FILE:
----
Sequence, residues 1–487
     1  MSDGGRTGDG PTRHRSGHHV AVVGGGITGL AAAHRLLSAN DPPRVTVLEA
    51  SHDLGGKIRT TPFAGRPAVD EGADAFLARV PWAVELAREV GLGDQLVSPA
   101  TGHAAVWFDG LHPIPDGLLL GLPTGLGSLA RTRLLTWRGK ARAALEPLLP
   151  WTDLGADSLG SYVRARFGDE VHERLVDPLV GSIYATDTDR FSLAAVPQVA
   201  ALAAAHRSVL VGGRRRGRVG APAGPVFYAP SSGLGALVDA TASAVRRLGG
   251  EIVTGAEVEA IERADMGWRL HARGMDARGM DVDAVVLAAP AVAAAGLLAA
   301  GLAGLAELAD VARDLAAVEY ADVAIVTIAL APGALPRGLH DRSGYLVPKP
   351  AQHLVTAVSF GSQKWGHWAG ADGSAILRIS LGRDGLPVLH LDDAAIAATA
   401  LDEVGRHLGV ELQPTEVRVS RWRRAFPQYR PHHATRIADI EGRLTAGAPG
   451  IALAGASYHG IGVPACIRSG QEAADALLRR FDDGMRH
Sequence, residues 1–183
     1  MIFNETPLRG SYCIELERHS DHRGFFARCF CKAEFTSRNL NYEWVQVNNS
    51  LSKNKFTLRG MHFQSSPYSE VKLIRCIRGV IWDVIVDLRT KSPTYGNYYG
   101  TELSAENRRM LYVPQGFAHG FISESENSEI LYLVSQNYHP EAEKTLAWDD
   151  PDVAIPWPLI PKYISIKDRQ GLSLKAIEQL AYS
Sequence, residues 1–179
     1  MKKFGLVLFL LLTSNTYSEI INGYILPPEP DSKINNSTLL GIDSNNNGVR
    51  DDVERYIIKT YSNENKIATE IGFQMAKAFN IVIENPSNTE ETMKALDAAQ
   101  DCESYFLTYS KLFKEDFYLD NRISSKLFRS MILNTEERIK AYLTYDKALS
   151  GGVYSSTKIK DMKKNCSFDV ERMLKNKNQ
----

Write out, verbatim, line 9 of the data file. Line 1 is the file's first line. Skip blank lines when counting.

   351  AQHLVTAVSF GSQKWGHWAG ADGSAILRIS LGRDGLPVLH LDDAAIAATA